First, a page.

You know, as a Giants fan, that when Trevor Hoffman enters the game with a lead in the ninth, it’s all over, right? That’s how it’s supposed to be (if you’re a Padres fan, and if you are, shame on you). A closer should bury the opposition.
Now let’s go back to September 24, 1993. Hoffman wasn’t quite the closer yet, but obviously he was a force—a force that threw really hard. Robby Thompson found that out when a Hoffman fastball shattered his cheekbone, effectively ending his season. Indeed, that one pitch may have prevented the Giants from winning the division that year. And maybe the next three years, in that Thompson was never the same hitter. Not even close. On “The Bob Brenly Show” that night, Brenly, then a Giants coach, and an angry one, said, “And Mr. Trevor Hoffman, that son of a bitch, he’ll get his”—effectively ending “The Bob Brenly Show."
Longtime Giants fans, and even some short-timers, remember all this. Whenever Hoffman takes the mound against the Giants, my thoughts are always along the lines of, “C’mon, let’s get him back already.” Granted, beating him once wouldn’t come close to making up for the Thompson beaning (which, I’m sure, was absolutely unintentional). Ditto beating him twice. In fact, I had figured that since September 24, 1993, the Giants hadn’t beaten Hoffman more than three times—and in saying “beaten” I’m referring not only to games in which Hoffman himself gets the loss, but also those in which he blows a save, regardless of the outcome.
So I decided to see exactly how close my guess was to the truth. And you know what? It’s not that far off. Sadly. My data came from a number of sources, so I’m not sure how reliable it is—for instance, once I looked at the log I had compiled for all of Hoffman’s appearances against the Giants, I noticed that—according to the data—he never struck out a single Giant until 2002. Something tells me that could be untrue.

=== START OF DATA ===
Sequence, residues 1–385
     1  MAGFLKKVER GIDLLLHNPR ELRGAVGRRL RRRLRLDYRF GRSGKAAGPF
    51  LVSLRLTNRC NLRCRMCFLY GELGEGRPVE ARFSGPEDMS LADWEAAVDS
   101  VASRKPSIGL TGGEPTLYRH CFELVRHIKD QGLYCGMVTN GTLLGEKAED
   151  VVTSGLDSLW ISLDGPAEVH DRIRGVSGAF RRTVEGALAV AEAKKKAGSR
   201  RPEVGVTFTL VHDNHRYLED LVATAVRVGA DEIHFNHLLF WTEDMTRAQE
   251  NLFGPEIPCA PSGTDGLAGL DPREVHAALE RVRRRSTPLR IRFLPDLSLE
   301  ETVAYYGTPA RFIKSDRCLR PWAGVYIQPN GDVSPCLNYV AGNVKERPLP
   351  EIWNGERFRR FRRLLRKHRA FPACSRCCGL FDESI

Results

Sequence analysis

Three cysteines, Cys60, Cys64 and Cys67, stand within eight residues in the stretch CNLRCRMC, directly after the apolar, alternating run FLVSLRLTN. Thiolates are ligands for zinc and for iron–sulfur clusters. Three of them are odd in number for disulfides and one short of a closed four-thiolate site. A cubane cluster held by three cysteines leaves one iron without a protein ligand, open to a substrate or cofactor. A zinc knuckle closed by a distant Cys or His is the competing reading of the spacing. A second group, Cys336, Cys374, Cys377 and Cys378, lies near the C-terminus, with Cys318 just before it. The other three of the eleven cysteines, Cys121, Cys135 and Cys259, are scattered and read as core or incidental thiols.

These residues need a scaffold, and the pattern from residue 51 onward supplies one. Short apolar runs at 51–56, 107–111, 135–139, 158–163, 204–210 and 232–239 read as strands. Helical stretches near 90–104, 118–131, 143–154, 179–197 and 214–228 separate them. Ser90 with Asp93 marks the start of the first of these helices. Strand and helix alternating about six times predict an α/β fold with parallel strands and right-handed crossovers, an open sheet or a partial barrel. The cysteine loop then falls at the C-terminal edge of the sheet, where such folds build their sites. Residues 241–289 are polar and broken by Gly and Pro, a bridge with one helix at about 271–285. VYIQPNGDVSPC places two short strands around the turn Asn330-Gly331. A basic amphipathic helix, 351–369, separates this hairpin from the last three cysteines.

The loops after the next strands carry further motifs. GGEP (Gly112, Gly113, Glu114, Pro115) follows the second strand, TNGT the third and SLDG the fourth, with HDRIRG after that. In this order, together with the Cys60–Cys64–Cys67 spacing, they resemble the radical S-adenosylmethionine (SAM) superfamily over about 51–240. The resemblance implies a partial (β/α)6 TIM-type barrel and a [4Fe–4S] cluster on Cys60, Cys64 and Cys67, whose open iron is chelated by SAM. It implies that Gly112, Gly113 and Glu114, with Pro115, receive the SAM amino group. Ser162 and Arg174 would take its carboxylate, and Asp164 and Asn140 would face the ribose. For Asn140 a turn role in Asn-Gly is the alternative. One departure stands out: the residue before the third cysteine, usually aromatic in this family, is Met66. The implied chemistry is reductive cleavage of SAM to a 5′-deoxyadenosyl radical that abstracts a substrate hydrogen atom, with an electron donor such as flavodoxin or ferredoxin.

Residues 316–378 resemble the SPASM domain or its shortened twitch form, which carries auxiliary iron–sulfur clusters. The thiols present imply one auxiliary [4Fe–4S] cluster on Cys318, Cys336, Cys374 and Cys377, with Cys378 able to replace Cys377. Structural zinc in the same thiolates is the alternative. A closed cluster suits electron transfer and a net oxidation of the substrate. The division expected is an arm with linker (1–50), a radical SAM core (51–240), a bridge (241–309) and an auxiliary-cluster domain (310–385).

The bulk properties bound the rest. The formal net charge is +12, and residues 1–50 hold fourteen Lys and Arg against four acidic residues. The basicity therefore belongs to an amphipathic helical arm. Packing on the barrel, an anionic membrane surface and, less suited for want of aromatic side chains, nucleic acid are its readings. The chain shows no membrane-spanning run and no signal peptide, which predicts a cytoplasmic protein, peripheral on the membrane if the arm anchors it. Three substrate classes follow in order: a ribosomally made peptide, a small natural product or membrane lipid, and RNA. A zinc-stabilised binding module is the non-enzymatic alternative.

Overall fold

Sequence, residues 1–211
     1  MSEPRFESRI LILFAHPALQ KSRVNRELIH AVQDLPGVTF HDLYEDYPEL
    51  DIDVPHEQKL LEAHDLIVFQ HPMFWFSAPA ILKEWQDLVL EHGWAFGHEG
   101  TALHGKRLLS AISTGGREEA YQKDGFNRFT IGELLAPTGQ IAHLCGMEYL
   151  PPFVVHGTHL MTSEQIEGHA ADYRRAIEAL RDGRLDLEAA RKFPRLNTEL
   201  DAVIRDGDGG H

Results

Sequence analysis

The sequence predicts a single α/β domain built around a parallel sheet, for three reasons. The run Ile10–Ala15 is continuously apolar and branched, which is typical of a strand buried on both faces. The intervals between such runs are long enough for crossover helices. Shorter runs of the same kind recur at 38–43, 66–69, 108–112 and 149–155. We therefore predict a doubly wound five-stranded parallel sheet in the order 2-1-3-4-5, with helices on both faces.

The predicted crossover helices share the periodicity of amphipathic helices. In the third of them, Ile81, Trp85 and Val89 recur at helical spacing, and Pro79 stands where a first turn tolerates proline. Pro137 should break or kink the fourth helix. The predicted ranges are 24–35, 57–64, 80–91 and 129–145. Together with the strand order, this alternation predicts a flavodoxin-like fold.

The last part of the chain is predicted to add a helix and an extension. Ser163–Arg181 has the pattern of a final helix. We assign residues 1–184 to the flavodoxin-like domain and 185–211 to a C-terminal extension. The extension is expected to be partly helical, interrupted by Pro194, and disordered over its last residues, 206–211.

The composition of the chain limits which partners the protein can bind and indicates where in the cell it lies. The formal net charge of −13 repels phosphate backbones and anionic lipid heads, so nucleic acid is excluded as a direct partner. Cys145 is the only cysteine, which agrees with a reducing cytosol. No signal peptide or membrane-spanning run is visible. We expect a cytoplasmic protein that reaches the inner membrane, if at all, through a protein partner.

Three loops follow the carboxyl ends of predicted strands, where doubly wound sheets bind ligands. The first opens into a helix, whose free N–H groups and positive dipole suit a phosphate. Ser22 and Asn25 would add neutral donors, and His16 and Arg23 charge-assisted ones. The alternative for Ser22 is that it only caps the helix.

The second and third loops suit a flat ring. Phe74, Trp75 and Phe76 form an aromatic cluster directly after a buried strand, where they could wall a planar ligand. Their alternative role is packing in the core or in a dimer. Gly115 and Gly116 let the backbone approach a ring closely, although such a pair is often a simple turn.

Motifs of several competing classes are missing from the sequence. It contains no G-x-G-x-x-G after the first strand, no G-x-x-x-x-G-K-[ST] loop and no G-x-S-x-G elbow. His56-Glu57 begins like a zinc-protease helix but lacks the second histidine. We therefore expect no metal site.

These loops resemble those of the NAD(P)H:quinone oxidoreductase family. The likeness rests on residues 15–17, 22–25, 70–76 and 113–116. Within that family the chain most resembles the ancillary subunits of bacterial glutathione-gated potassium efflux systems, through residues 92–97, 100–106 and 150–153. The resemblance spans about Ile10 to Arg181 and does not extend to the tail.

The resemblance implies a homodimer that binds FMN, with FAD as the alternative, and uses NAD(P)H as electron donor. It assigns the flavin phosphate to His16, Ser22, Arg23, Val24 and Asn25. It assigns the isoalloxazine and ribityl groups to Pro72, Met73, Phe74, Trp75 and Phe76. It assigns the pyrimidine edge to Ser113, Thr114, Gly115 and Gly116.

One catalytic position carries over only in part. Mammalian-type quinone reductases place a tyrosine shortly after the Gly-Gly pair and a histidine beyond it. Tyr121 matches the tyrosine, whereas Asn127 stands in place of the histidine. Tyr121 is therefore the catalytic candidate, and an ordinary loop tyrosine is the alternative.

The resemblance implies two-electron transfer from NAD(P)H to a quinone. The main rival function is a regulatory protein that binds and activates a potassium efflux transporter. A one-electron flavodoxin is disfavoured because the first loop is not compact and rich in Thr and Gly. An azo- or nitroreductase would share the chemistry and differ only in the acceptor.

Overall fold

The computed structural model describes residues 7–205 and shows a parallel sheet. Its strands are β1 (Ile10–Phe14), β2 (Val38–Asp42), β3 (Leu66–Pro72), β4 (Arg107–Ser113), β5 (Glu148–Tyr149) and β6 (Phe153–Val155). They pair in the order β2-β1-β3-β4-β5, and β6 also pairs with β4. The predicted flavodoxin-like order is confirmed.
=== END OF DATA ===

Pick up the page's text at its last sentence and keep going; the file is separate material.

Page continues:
Know how many times the Giants have beaten Hoffman? Eight. Seriously. In all those years. He’s 4-4 lifetime against them, with six blown saves, two of which resulted in Hoffman actually losing a game. (Thankfully, none of them—according to the data—resulted in the Padres winning anyway.)
You’d think the Giants could get to him at least once a year, wouldn’t you? Especially now that the face each other 19 times, and you know Hoffman’s going to enter one or two games a series. But no. Eight times, since that one awful day. (Oddly, that day they beat him.) That’s versus 45 saves.
I can think of only two scenarios in which the Giants could avenge Thompson: last day of the season, Giants and Padres tied for the division lead, Hoffman comes in and blows a three-run lead (or more) in the final inning; or it’s the final game of the NLCS, and more or less the same thing happens. Short of that, the only form of Robby’s Revenge that we can hope for might be crippling diarrhea.